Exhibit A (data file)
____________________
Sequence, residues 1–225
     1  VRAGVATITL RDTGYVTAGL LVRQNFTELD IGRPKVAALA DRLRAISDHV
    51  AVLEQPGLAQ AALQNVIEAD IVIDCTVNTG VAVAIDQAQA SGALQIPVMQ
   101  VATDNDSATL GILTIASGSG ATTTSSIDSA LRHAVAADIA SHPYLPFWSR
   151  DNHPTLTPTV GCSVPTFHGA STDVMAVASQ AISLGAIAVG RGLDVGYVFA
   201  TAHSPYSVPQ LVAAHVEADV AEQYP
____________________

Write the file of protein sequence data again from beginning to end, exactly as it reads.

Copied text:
Sequence, residues 1–225
     1  VRAGVATITL RDTGYVTAGL LVRQNFTELD IGRPKVAALA DRLRAISDHV
    51  AVLEQPGLAQ AALQNVIEAD IVIDCTVNTG VAVAIDQAQA SGALQIPVMQ
   101  VATDNDSATL GILTIASGSG ATTTSSIDSA LRHAVAADIA SHPYLPFWSR
   151  DNHPTLTPTV GCSVPTFHGA STDVMAVASQ AISLGAIAVG RGLDVGYVFA
   201  TAHSPYSVPQ LVAAHVEADV AEQYP